What in the World…?
By: Brian Emmet
World is an interesting word: “What world do you live in/what planet are you from?” World can refer to a physical place or space (the Earth), to a self-contained system (the world of higher education), to humanity (Apple’s latest device set the world buzzing), to life organized apart from God (“don’t love the world or the things of the world,” the Bible admonishes us), to a realm of human activity and endeavor (the world of medicine, of the arts, etc.), to a historical era (the world of the ancient Greeks). Some of the early European settlers of North America left the Old World in search of the New World, “world” here referring to a culture, a whole way of living and of understanding life and our place in it. World can also point towards ways of being and living that aren’t yet “real” or fully realized: “O brave new world that has such people in it!” cries Miranda in Shakespeare’s The Tempest.
The truth is, we inhabit all kinds of worlds. We are creatures of and within the natural world. The family in which we grew up helped form the world of childhood. As we grew and matured, we entered the world of adulthood, the world of work, the world of singleness or of marriage and family. We may earn our living in the retail world or the digital world. When we’re daydreaming, we are “in another world.” So we are residents, denizens, citizens of a variety of worlds. Let’s think about what a world is.
A world can be a physical place, it can be located in space and time. Additionally, a world is a home, it provides an environment and the resources necessary to sustain particular kinds of life: we describe certain people as “lost in this world” or “looking for a better world,” meaning that the world they inhabit doesn’t feel like “home” and doesn’t provide them what they feel is needed for life.
A world is also a story, a particular narrative framing of life. In this sense, a world helps tell us where we are and who we are. A world typically has a cosmology (or “origin story”), an anthropology (what it means to “be human”) and an eschatology (“here’s where everything is going, here’s the goal towards which things are moving”). Cosmology, anthropology and eschatology typically blossom into an ethical system: because we originated in this way, because we are the kinds of creatures that we are, and because we are moving towards this goal or exist for this purpose, we therefore ought to live, to behave, to conduct ourselves in these kinds of ways.
A world also describes and embeds us in a way of relating to others. According to the worlds we inhabit, other people can be seen as competitors for scarce resources, obstacles to my self-realization, neighbors to be served and loved, resources to be used, fellow “divine sparks imprisoned in the material, physical world, or fellow pilgrims on a journey from “earth” to “heaven,” among many other options.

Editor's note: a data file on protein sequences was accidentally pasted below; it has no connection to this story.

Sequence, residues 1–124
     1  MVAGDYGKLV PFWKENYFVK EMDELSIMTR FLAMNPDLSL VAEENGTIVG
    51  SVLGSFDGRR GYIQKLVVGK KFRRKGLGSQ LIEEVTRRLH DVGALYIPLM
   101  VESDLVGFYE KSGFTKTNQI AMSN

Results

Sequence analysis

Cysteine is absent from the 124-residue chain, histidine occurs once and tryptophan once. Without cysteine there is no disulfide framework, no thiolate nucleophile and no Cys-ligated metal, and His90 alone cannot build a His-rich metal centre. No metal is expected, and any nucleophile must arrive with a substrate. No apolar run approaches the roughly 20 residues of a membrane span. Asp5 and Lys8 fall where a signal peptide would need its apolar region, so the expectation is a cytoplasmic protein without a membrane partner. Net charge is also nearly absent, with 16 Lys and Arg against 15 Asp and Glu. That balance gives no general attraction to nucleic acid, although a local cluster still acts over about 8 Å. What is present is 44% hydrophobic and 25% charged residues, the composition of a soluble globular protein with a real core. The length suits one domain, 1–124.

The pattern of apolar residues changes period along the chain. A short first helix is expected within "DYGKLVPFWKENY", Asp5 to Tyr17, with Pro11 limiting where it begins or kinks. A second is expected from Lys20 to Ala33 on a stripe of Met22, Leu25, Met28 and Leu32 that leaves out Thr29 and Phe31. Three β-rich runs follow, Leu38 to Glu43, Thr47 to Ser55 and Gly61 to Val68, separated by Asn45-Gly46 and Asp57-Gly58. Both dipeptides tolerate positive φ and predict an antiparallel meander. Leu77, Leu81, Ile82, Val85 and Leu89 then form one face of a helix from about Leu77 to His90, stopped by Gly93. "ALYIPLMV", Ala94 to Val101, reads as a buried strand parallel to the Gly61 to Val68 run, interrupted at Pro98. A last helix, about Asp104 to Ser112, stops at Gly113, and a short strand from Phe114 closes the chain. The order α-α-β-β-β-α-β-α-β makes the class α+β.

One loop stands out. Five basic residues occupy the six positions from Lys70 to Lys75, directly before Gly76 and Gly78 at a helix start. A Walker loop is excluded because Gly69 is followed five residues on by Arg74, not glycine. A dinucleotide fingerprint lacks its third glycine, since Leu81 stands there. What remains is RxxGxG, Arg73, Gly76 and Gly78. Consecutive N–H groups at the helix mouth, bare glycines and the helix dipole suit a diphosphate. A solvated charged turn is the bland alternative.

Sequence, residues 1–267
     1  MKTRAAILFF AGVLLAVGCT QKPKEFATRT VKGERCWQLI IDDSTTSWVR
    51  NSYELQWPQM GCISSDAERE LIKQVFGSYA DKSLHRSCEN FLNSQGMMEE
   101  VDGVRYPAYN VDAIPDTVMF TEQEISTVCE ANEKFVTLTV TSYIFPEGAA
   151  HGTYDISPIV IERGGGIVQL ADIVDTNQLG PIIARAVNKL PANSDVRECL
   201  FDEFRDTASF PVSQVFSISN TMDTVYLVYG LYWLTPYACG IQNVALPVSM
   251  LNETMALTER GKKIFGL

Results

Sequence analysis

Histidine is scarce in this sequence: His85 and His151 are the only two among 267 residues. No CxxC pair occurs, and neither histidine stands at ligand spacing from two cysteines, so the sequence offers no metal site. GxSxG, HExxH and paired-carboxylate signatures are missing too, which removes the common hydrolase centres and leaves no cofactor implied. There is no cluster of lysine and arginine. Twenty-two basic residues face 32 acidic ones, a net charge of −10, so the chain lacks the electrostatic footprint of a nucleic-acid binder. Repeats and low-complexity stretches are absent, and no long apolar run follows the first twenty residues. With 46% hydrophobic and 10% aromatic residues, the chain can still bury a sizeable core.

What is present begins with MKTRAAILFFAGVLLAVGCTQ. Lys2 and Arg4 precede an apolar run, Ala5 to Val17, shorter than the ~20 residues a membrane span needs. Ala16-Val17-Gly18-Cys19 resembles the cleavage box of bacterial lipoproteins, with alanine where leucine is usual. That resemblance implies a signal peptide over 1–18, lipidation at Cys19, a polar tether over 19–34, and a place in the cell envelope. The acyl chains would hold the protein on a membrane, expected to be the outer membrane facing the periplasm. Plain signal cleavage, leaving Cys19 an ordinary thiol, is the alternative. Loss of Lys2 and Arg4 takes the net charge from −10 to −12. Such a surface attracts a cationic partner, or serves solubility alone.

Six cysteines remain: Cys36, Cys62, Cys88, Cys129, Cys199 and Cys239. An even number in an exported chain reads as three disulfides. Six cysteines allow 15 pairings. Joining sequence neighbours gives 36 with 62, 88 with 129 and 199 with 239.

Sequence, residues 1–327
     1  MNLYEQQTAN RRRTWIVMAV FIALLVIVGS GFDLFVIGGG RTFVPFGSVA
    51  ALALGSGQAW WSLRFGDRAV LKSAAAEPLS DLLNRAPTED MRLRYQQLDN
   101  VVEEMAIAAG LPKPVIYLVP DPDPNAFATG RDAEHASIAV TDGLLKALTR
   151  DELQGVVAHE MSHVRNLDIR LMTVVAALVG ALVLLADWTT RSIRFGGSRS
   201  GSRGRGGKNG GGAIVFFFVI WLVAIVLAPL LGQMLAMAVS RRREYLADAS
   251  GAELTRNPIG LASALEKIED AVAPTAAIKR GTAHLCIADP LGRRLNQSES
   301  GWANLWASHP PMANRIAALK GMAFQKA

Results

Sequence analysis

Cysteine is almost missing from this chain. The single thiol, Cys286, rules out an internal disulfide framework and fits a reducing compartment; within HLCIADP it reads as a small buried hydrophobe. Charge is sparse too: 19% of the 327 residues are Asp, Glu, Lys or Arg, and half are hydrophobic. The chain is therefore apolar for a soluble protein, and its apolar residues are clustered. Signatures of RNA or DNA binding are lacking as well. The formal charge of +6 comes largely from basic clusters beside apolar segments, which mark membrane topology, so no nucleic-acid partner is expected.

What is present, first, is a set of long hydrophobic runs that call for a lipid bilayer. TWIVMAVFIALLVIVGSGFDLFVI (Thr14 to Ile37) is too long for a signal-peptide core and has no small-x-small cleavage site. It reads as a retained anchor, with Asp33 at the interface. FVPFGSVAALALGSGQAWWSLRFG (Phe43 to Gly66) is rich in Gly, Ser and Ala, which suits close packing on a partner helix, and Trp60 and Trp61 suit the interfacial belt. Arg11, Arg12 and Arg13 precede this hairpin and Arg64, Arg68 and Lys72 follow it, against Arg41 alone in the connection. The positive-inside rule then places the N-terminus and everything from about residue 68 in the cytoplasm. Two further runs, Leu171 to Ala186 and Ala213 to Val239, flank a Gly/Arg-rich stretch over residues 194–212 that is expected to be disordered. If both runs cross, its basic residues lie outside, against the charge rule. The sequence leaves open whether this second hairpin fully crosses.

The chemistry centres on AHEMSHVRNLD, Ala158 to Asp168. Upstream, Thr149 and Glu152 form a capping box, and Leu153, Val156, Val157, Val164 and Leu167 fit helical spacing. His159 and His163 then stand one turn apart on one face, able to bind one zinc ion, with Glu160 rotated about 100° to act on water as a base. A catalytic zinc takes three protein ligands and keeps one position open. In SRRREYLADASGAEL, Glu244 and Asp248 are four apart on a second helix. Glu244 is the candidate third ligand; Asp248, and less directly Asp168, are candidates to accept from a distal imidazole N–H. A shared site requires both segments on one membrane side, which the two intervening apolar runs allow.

The various worlds we inhabit can often be in conflict. A person who lives too much “in her own world” may have real difficulty earning a living, building healthy relationships or sustaining basic health and well-being. We are increasingly aware of the tensions between “the natural world” and “the industrialized world.” The latter world can affect the former in damaging and destructive ways. And the natural world may well make some demands upon the industrialized world that that world would see as restricting, limiting, “anti-progress” and so forth. We have stories that aren’t necessarily coherent with one another, and the origin stories, anthropologies, eschatologies and ethics they put forth may be irreconcilable.
“In this world you will have trouble,” Jesus told his disciples, “but be of good cheer: I have overcome the world” (John 16:33). This suggests to me that we have real choices and decisions to make about the worlds we will inhabit, and the ways in which we will engage with them.
For example, one of the worlds we inhabit, in modern North American culture, is the world of mass consumerism. The origin story runs something like this: “in the beginning” there was a constant struggle against scarcity and a great lack of comforts and satisfactions. Only a few had wealth, and the masses were condemned to lives of poverty. Then, illumination: through the insights of Adam Smith and many others, we came to understand that there was a better way to distribute goods and services, what we now call “capitalism.”
The anthropology of this world goes something like this: the essence of humanity is to produce and consume. In a popularized form, “I shop, therefore I am.” Anything that is needed or valued—food, animals, manufactured goods, art, auto parts, weapons, children, human organs—is best distributed through markets that are as free as possible. Since in this world we are fundamentally consumers, anything that impedes or limits consumption is an offense against our dignity and freedom.
The problem with the many worlds we can and do inhabit is not that they are not “real,” it is their claim to be more real than they are. One of the key features of every world is the claim it makes to ultimacy, to being the one and only world, the “real world” that encompasses and contains all lesser worlds. So each of our worlds has at its heart an idolatry, a claim to supremacy and ultimacy that can only belong to the one by whom, through whom and for whom all things are created and have their existence. In brief form, “Jesus is Lord!”
There is much that is good in nearly all of our worlds; each one directs our attention to some things that are good and true, and perhaps even beautiful. The problems arise when we attempt to make a world into the center of everything. When we seek to center our lives on worlds that cannot be true centers, we find that the false centers cannot hold and things begin to fly apart.